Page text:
Re: Introduction and info request - Jeff Schallenberg
- The modem enabled this;i believe the telco interface gear between the
computer and phone lines was called DDT & DDR(digital data
transmitter & receiver),and of course modems up to 4800bps. These
pages will shed some light on the process:
also a page on the old Stewart AFB Direction Center:
--- In email@example.com, "schallenbergjeff"
> This is Jeff Schallenberg, and I was glad to find this discussion
> group, in my quest for information on the early evolution of
> I am an ex-officer of the RCAF, back in the cold-war days of the
> sixties. My first posting after graduating from the University of
> Toronto with an Electrical Engineering degree, in 1964, was to a
> Pinetree Line radar site, Holberg, BC. It was home to 53 AC&W
> Squadron, and I was appointed Station Radar Officer. I came to
> understand how the FPS-20 Search radar and the FPS-9 Heightfinder
> radar worked, and I occasionally worked the Aircraft Control and
> Intercept consoles during exercises.
> But I never really came to understand how the radar return
> was processed and transmitted over VF lines and microwaves, throughData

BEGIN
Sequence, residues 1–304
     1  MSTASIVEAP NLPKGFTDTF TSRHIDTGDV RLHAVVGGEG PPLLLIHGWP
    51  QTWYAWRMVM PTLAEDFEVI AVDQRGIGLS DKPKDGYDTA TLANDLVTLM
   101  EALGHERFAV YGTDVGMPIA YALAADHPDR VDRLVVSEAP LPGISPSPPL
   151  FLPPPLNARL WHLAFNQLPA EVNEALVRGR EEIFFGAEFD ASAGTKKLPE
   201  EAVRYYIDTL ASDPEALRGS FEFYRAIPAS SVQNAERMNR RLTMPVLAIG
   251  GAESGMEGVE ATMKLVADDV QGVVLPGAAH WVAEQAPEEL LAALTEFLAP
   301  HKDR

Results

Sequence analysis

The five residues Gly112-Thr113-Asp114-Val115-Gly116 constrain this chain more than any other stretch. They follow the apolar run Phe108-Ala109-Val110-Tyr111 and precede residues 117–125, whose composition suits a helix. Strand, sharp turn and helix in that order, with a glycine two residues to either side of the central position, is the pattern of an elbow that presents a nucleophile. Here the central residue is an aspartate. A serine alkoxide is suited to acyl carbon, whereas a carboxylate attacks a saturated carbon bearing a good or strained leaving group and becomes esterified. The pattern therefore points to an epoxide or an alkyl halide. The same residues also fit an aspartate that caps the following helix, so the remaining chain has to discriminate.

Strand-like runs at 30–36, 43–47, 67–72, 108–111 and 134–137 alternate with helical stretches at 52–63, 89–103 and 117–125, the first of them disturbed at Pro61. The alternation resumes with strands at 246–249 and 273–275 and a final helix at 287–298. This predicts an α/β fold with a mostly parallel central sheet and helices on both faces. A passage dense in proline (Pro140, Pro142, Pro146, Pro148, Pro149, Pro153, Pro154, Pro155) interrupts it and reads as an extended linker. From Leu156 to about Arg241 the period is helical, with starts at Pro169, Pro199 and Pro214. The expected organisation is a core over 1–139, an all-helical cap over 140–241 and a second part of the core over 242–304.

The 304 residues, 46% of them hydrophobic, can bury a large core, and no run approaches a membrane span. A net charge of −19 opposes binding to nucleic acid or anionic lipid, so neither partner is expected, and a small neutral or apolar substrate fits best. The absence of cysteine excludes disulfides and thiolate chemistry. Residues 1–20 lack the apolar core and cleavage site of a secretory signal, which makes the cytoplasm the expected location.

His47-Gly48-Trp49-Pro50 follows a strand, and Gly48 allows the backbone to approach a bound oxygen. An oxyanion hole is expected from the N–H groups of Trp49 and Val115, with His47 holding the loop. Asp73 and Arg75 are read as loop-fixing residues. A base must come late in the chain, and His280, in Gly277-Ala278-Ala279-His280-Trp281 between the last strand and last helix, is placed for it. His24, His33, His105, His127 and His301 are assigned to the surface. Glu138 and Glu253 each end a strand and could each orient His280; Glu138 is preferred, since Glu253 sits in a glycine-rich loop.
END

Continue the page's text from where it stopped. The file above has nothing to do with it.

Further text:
> the BCTel network (I guess it was the Voice network, since Data
> networks were in their fetal stages back then), and thence to our
> Center at McChord AFB in Tacoma WA.the
> I remember a visit to McChord, and a visit to the computer room, but
> not a lot of details.
> I would like to find, with your help, links to descriptions of how
> information from remote radar consoles like those at Holberg wasNorth Bay.
> processed, encoded and transmitted to centers like McChord and
> I know there is a lot of good info in your archives on this Yahoo!
> group - but it's not easy to find with the Yahoo! Search function,
> some of the old nuggets point to web pages that are no longer activean
> (for example, one of your founding members photocopied and scanned
> article from the Bell Labs Record about "SAGE's Radio Pipeline", andin
> posted it on his Chattanooga Scanner site. The site is still there,
> but the article doesn't seem to be).
> Since I left the RCAF in 1967, I have been working for Bell Canada
> the areas of Microwave and Fiber Optics, so I have a good background
> in how "modern" data communications networks have evolved since the
> 1970s, from 1200-bps modems to T1 and Frame Relay, up to Gigabit
> Ethernet and ATM over ADSL and SONET today. But there's a "missing
> link" (pardon the pun) before ARPANET, when the SAGE network was
> pioneering the concepts of Wide-Area Computer-to-Computer
> communications, that I am anxious to catch up on. I hope to fill in
> those gaps in my knowledge, with the help of members of this Group.
> - Jeff Schallenberg
> Saint Lambert, Qué¢¥c
> So I trust in your indulgence in pointing me to resources either in
> your archives